The UT Amnesty International chapter will celebrate its third annual Human Rights Week March 11 through 20 with speakers on issues ranging from due process rights in foreign lands to reproduction rights to prisoners wrongly sentenced on death row. The week will kick off with a lecture by Ndiva Kofele-Kale at 7:00 p.m. on Monday, March 11, in the University Center Ballroom. A former UT faculty member, Kofele-Kale is now a professor of public international law at Southern Methodist University. Kofele-Kale, who was born in Cameroon, is leading the defense team representing Marafa Hamidou Yaya, former Secretary General of the Presidency of Cameroon.
Department of Political Science News
John Scheb, professor and head of the Department of Political Science, is quoted in this Knoxville News Sentinel story about an online petition for Tennessee to secede from the United States. Scheb says that an 1869 US Supreme Court ruling made legal secession impossible.
A study coauthored by a University of Tennessee, Knoxville, political science professor has found that as the Republican Party’s control of Congress increases, so does the share of the nation’s wealth held by the top 1 percent of earners.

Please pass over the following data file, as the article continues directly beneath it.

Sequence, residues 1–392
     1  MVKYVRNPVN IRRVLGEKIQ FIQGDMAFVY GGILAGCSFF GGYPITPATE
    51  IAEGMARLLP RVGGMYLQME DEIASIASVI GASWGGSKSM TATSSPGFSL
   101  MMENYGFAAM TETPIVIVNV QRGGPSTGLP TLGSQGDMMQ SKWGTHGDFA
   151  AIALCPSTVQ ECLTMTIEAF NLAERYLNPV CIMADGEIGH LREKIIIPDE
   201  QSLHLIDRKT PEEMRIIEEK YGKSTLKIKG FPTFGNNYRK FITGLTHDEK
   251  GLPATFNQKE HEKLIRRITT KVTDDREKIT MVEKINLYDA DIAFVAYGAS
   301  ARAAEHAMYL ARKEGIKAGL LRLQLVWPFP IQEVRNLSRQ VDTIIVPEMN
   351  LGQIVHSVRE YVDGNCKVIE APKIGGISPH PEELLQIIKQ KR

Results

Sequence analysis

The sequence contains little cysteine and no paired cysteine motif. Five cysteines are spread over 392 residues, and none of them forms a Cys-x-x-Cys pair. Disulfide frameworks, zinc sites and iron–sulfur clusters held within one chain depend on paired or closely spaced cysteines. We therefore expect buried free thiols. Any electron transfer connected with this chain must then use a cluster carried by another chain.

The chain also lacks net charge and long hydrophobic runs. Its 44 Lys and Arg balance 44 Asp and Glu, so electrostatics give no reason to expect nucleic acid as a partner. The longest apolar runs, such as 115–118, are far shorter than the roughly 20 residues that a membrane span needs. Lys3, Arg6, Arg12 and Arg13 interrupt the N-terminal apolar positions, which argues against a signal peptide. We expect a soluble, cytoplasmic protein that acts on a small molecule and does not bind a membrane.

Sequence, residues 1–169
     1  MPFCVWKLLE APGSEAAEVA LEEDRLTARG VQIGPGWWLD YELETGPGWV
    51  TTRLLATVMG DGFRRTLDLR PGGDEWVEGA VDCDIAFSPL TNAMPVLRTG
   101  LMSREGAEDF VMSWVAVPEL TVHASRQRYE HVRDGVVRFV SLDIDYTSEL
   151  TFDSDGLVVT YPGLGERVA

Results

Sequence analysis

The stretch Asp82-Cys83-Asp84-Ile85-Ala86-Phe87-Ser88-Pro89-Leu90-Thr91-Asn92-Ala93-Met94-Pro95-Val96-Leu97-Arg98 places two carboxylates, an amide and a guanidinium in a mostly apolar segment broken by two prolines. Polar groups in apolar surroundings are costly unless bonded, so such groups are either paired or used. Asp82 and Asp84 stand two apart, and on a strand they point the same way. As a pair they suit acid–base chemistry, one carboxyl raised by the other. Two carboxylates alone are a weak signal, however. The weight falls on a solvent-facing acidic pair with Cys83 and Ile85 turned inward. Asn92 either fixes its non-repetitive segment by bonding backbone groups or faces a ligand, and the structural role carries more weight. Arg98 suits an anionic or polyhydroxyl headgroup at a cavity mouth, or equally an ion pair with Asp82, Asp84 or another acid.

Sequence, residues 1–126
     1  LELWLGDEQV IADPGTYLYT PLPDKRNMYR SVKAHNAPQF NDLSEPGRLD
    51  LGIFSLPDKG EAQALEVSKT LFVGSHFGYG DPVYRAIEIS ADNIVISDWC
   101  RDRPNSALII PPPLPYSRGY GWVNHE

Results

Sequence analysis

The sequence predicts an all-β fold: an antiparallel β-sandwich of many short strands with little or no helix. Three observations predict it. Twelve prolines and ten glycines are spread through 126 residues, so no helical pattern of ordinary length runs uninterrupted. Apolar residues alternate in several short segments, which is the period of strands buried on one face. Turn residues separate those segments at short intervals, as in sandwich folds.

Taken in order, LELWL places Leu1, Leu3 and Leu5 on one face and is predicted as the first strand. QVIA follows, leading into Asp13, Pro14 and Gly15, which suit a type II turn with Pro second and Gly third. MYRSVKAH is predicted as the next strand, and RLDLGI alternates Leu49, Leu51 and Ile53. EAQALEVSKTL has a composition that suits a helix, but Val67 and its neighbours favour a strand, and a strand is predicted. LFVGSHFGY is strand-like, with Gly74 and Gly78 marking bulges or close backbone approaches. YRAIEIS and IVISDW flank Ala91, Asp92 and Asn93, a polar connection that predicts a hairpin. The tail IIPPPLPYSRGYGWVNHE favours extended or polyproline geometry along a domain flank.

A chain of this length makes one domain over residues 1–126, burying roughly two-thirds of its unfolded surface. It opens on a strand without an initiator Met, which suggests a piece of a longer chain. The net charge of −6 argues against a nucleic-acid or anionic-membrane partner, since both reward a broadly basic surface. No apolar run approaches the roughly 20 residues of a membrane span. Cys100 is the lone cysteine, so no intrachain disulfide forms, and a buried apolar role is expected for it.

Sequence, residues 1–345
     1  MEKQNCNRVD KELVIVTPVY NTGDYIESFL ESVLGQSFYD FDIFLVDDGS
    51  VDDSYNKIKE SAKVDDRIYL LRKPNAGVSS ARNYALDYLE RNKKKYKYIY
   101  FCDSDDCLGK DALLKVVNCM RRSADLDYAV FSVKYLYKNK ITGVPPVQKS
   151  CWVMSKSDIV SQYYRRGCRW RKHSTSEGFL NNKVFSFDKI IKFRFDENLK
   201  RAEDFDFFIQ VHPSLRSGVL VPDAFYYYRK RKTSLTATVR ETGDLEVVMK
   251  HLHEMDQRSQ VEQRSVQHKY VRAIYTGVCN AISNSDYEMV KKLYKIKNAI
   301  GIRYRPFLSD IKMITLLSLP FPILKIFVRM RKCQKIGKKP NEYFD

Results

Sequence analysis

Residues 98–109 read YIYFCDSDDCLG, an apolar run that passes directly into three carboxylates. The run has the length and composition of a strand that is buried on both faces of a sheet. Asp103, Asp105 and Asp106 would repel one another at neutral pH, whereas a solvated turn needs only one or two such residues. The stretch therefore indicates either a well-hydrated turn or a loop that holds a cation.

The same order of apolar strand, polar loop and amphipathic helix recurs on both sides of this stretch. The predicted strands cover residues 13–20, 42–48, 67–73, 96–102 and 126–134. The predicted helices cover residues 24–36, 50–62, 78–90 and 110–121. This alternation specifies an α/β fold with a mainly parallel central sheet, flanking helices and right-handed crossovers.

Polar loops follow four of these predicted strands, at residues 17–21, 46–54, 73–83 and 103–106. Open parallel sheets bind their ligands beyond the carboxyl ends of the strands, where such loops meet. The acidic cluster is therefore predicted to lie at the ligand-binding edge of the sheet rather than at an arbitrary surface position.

How do politics affect income inequality in the United States? Nathan Kelly, associate professor of political science, will shed some light on that question when he presents The Politics of Income and Inequality in the United States at Saturday’s Pregame Showcase prior to the Vols vs. Akron football game.
Foreign policy, globalization, global security—these terms are often used in news headlines and tossed about in political debates. But what do they really mean and why are these issues important to all of us? Those questions prompted the development of Foreign Policy Week, which will be held September 10–13.
A UT master’s program that has trained hundreds of Tennessee’s government and nonprofit managers has been expanded to better serve the industry. This fall, UT began offering a new Master of Public Policy and Administration through a partnership between the Baker Center and the College of Arts and Science’s political science department.
Star-studded endorsements may be attention grabbing, but does it influence voters? Yes, it does, according to research recently published by a political science professor Anthony Nownes. Nownes found that celebrities who contribute to political campaigns can make a party more or less likable, depending on what voters think of the celebrities in the first place.